Das sieht sehr interessant aus, Heinz. Die Verbindung zwischen Degrowth-denken und Contentstrategien; ich glaube wir brauchen mehr solche Beispiele wie man abstrakte Vorhaben umsetzt oder übersetzt in kleinere, mehr alltäglichen Kontexten, ohne dabei in die Falle des ‘toten Urgrossvater Prinzips*’ zu tappen.

Vielleicht ist auch dieses Event am 11.11. in Brüssel etwas für dich (ich habe vor dabei zu sein, hoffentlich klappt das auch): SciFi Economics Lab, von Edgeryders organisiert. Im Orga-Team ist Alberto Cottica, die du vielleicht im letzten Jahr bei Elmine’s Geburtstags-unconference gesprochen hast.

Ich habe aber auch eine ganz praktische Frage, über den Formfaktor deiner Präsentation: mir gefallen immer die HTML Folien, weil es ja leicht teilbar und in einem offenen Standard ist. Aber bist du während deines Vortrags von Internetzugang abhängig, oder hast du einen Weg das auch lokal auf der eigenen Maschine zu zeigen?

* Mein toter Urgrossvater ist Weltmeister in Energie, Wasser, seltene Erdmetalle, und CO2 usw. sparen. Seit er gestorben ist spart er 100% bis in aller Ewigkeit. Leben heist Verbrauch, und daher ist ‘sparen’ als Ziel an sich keine Lösung, ‘smartes’ denken über sparen im Kontext (neuer) Ziele aber schon (wie LED). Frei nach Bruce Sterling bei Reboot 2009.

Replied to a post by Heinz Wittenbrink Web teacher and blogger, living in Graz and sometimes in Dubrovnik.Heinz Wittenbrink Web teacher and blogger, living in Graz and sometimes in Dubrovnik.

Preparing an English version of my presentation on Content Strategy for Degrowth for our #coscamp today

Voor iedereen die zich bezig houdt met digitale transformatie bij de overheid is Maike Klip’s weblog over service design de moeite van het volgen waard. Toegevoegd aan de feedreader. Met dank aan Alper voor de tip.

Read Klipklaar

Hi, ik ben Maike Klip en dit is mijn researchblog. Ik onderzoek hoe de digitale overheid een begripvolle verbinding kan hebben met mensen in Nederland. Als je nieuw bent op mijn blog en midden in mijn zoektocht valt, begin dan hier en ik praat je bij.

A good presentation I attended this afternoon at World Summit AI 2019. Will blog about it, but bookmarking it here for now.

Read Escaping Skinner’s Box: AI and the New Era of Techno-Superstition (philosophicaldisquisitions.blogspot.com)

One of the things AI will do is re-enchant the world and kickstart a new era of techno-superstition. If not for everyone, then at least for most people who have to work with AI on a daily basis. The catch, however, is that this is not necessarily a good thing. In fact, it is something we should worry about.

Ethics is the expression of values in actual behaviour. So when you want to do data ethics it is about practical issues, and reconsidering entrenched routines. In the past few weeks I successfully challenged some routine steps in a clients’ organisation, resulting in better and more ethical use of data. The provision of subsidies to individuals is arranged by specific regulations. The regulations describe the conditions and limitations for getting a subsidy, and specify a set of requirements when you apply for a subsidy grant. Such subsidy regulations, once agreed have legal status.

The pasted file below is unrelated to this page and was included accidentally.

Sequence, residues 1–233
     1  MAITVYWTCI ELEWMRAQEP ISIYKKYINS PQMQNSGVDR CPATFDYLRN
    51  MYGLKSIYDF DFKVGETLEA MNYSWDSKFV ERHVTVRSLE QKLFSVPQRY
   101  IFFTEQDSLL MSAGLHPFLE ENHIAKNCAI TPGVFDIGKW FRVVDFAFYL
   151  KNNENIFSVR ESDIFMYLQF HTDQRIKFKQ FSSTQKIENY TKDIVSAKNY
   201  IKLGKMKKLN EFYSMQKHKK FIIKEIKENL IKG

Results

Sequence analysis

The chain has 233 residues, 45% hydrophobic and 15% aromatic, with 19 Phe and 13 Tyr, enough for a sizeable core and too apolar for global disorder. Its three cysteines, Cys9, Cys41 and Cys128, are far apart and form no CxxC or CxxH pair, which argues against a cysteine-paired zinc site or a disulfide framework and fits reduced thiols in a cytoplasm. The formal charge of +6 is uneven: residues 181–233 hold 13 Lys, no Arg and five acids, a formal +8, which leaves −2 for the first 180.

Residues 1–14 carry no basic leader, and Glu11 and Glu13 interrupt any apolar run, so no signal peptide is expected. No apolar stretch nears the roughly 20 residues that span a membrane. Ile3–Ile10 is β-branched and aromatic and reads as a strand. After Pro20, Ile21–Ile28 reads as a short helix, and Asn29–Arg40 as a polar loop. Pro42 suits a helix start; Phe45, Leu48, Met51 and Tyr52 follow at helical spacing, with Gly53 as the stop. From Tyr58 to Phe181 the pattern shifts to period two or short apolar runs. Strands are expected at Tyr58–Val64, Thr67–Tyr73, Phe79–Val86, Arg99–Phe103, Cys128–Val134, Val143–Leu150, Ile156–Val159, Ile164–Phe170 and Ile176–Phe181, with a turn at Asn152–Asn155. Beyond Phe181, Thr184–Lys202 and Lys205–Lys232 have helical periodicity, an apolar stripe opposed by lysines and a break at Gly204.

With the client we’re experimenting in making it vastly less of an effort for both requester and the client to process a request. As only then does it make sense to provide smaller sized subsidies to individual citizens. Currently there is a rather high lower limit for subsidies. Otherwise the costs of processing a request would be higher than the sum involved, and the administrative demands for the requester would be too big in comparison to the benefits received. Such a situation typically leads to low uptake of the available funding, and ineffective spending, which both make the intended impact lower (in this case reducing energy usage and CO2 emissions).

In a regular situation the drafting of regulation and then the later creation of an application form would be fully separate steps, and the form would probably blindly do what the regulations implies or demands and also introduce some overshoot out of caution.

Our approach was different. I took the regulation and lifted out all criteria that would require some sort of test, or demands that need a piece of information or data. Next, for each of those criteria and demands I marked what data would satisfy them, the different ways that data could be collected, and what role it played in the process. The final step is listing the fields needed in the form and/or those suggested by the form designers, and determining how filling those fields can be made easier for an applicant, (E.g. having pick up lists)

A representation of the steps taken / overview drawn

What this drawing of connections allows is to ask questions about the need and desirability of collecting a specific piece of data. It also allows to see what it means to change a field in a form, for how well the form complies with the regulation, or which fields and what data flows need to change when you change the regulation.

Allowing these questions to be asked, led to the realisation that several hard demands for information in the draft regulation actually play no role in determining eligibility for the subsidy involved (it was simply a holdover from another regulation that was used as template, and something that the drafters thought was ’nice to have’). As we were involved early, we could still influence the draft regulation and those original unneeded hard demands were removed just before the regulation came up for an approval vote. Now that we are designing the form it also allows us to ask whether a field is really needed, where the organisation is being overcautious about an unlikely scenario of abuse, or where it does not match an actual requirement in the regulation.